PW: I suppose it’s an archive of sorts, but I don’t really think about it strictly that way, although it does obviously reference certain display methods used in museums and does tap into the archive, but I was very careful not to include too much information, or rather careful about how much was out there. The Black Bag and the Letter from the Dutch Police 1993 are the only actual objects on display in the project, and come to stand as a kind of dark star around which the rest of the works revolve. Their significance is made more prominent by their selection ahead of the multitude of other things. Supplementary information such as this interview, or articles that have been written about the work, can always be looked at to offer an expanded experience of the work, to peel back some additional layers, but really I’m more interested in what the viewer can bring to the experience. It’s very personal work, and I’m hyperaware of the fact that I’m putting it out there, so I have had to be careful about how much personal information gets out into the open.
PR: What lies between these images seems so important – do you know if they have helped other people to approach loss/grief in a different way?
Would that be important to you?
PW: I think I touched upon the space between the images in some of the previous answers, how there is space for connection, and how the works stand to reinforce each other and make each other stronger and have an implied narrative that is completed or reinterpreted by the viewer.
People do write to me sometimes when they have come across the work or read about the project, and tell me how they have related to the work in terms of their own experience, and they often tell me things that have happened to them. These correspondences seem to always come out of the blue, and you only then get this sense that the project is out there in the world, and that there are people who attempt to relate to such things. Mostly, though, people seem to wonder whether carrying out the project has helped me in some way to come to terms with my past and my place in the world, and its something that I guess is forever an ongoing process.
PR: When you exhibit a collection are you presenting a narrative or hoping the observer will make their own narratives from your work?
PW: There certainly is an implied narrative, but it’s non-specific and requires audience participation. I think that there is a space between the images where connections can be made, and an oscillation between photographs that are representationally clear and others that are less straightforward and ambiguous in nature. Materially there are connections made between everything, in terms of playing with the opacity and transparency of materials, their spatial relations to one another in space, and how the viewer must navigate the space of the exhibition to view the works. It’s important to me that the audience feels a sense of embodiment in the space, and I think that this encourages a certain amount of participation.
PR: Unforgetting is very different to remembering – it feels like a hard won fight. Would this be overstating the difference between the two for you?
PW: Chris Marker, the late filmmaker and artist wrote that ‘I will have spent my life trying to understand the function of remembering, which is not the opposite of forgetting but rather its lining’, by which he was in part referring to how memory is not something that is fixed, that it is always subject to change and reinterpretation, much in the same way as history is subject to being rewritten. The more you dig into memory the more it seems to move away from those seemingly pure flashes of memory that we hold onto from childhood. The image of my mother became irrevocably changed once I started to dig into the past and into my memory.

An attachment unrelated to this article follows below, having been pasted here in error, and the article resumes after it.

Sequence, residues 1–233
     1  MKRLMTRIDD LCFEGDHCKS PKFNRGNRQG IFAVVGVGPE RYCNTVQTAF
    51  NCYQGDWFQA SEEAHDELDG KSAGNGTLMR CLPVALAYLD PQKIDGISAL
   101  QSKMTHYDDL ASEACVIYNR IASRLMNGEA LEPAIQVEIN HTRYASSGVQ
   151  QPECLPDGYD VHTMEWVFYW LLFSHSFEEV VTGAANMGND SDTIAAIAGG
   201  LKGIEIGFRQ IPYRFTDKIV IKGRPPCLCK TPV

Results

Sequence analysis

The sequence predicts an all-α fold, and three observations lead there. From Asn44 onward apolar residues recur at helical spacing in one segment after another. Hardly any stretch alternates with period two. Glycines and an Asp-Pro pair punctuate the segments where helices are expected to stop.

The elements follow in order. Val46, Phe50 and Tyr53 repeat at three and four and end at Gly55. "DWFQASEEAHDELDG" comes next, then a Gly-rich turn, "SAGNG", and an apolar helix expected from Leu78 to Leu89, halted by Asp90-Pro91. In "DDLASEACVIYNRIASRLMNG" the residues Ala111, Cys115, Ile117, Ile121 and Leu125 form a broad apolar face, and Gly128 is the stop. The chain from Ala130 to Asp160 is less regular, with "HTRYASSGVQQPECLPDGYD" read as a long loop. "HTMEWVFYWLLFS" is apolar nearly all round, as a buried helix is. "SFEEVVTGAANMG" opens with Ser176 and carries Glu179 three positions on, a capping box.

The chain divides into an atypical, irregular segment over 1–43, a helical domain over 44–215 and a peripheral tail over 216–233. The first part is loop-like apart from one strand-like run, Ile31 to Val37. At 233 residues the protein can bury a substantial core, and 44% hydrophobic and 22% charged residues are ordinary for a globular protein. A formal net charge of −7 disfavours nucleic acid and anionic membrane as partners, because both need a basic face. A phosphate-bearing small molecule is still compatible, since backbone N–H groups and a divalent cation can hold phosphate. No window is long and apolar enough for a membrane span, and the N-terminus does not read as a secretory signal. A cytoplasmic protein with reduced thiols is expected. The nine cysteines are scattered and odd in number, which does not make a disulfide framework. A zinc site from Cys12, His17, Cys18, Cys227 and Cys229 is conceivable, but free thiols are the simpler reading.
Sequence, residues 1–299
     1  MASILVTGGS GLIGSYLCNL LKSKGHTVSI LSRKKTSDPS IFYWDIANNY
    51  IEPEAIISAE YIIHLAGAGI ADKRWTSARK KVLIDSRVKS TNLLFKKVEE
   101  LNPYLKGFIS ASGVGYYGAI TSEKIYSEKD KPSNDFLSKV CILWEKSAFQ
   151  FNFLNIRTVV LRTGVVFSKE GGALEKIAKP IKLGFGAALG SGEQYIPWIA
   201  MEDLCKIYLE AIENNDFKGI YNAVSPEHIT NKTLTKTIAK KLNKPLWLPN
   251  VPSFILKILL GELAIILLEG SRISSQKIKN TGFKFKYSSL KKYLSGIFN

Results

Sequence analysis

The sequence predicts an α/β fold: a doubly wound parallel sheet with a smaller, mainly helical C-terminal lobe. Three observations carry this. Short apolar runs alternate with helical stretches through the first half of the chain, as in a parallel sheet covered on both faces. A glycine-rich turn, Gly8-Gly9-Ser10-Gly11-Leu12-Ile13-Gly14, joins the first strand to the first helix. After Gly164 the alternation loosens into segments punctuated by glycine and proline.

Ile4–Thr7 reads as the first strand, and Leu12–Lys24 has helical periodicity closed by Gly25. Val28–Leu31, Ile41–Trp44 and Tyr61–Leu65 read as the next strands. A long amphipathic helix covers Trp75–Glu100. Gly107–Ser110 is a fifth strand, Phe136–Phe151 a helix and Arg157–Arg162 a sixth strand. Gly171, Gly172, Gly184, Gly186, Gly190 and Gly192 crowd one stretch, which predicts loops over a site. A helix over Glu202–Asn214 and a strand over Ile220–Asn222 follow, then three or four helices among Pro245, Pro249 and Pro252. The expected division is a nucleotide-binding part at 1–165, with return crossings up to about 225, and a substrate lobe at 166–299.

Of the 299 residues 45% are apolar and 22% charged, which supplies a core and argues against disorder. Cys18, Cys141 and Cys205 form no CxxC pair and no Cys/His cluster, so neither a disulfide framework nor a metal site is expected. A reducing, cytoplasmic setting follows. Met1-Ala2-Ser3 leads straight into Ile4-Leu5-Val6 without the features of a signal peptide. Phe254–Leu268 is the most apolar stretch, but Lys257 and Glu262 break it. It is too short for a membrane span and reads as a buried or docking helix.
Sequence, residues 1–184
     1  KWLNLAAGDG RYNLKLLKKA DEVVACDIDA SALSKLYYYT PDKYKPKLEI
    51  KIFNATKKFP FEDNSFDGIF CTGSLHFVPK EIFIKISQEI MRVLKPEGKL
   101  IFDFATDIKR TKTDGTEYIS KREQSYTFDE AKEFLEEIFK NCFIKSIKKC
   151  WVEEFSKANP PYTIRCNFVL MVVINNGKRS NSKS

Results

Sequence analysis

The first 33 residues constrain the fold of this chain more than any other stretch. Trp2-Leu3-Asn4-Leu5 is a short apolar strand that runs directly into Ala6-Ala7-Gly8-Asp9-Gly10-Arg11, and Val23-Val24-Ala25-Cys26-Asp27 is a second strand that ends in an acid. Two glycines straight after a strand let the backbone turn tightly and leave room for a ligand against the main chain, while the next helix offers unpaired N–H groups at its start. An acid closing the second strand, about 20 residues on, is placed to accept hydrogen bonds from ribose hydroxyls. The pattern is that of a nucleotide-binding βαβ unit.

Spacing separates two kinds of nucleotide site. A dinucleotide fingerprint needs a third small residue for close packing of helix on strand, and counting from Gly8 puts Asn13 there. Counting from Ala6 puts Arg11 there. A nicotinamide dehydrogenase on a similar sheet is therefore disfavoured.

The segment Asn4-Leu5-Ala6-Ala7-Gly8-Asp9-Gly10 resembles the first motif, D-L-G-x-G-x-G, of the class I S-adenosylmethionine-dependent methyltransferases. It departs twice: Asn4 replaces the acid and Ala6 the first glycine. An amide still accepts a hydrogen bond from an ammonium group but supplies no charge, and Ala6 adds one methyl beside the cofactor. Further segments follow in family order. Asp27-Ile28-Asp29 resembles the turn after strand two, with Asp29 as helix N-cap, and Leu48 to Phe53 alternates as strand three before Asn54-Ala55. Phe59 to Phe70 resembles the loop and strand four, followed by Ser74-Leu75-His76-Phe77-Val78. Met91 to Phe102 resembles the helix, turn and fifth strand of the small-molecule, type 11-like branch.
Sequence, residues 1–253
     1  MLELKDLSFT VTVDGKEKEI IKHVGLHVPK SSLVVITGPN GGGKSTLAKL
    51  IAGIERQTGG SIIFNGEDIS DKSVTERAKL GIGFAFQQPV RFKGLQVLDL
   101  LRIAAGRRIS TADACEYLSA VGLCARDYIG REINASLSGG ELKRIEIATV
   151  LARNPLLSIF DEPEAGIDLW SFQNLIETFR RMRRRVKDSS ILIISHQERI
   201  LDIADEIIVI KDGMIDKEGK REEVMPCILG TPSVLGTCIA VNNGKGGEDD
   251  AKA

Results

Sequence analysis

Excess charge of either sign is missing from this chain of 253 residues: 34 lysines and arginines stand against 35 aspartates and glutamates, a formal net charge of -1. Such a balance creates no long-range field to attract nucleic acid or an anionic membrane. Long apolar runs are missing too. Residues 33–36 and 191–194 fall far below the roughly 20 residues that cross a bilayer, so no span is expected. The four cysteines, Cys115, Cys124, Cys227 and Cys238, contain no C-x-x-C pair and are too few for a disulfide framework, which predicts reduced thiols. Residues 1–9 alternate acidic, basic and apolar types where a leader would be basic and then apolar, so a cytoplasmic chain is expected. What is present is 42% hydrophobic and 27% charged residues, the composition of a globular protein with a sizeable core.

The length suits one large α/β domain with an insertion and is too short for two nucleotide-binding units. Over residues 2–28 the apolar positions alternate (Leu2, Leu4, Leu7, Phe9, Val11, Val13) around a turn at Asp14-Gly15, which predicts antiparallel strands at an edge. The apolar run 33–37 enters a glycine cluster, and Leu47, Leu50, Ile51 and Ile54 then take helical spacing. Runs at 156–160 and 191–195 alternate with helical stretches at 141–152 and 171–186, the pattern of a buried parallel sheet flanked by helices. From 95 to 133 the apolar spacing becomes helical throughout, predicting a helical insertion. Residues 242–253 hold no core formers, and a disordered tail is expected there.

PR: Can you say something about the Christening gown?
PW: The Christening gown was something that came very late in the project. When I thought I had sifted through everything my Grandmother pulled out the dress, along with a lock of hair of my mothers from a cupboard. The dress is pale yellow and is photographed in black and white, seemingly impossibly suspended in front of a fabric net curtain, in the makeshift studio where I shot most of the work. Both materials appear to float weightlessly, and perhaps have that feeling of liquidity I mentioned earlier. The circularity of the baptismal act and my mother’s death by drowning is perhaps what drew me so magnetically to the dress. The photograph is framed behind yellow glass, and here I was really thinking about the idea of putting colour back into the work, and about the falsity of artificially putting yellow back into the dress; the strangeness of applying this wash of colour over the piece. Yellow is the colour of warmth, of light, and colour brings with it emotion, whereas black and white can signify a more evidential, calculated approach to working. But the colour yellow is also the colour of decay, of death, of the hallucinatory space in the mind, and of dreams. The work is almost uniformly monochromatic, so when colour comes into the work it introduces colour to all the work—but it’s a false colour, something applied to the work after the image has been made.
Poems for further reading linked to some ideas in Peter Watkins’ work:
The Wild Iris: Louise Glück
My Son, The Man: Sharon Olds
In the Museum of Lost Objects: Rebecca Lindenberg
A PDF pack containing interviews with each of the artists exhibiting in Open 2: Pieces of You is available to download here.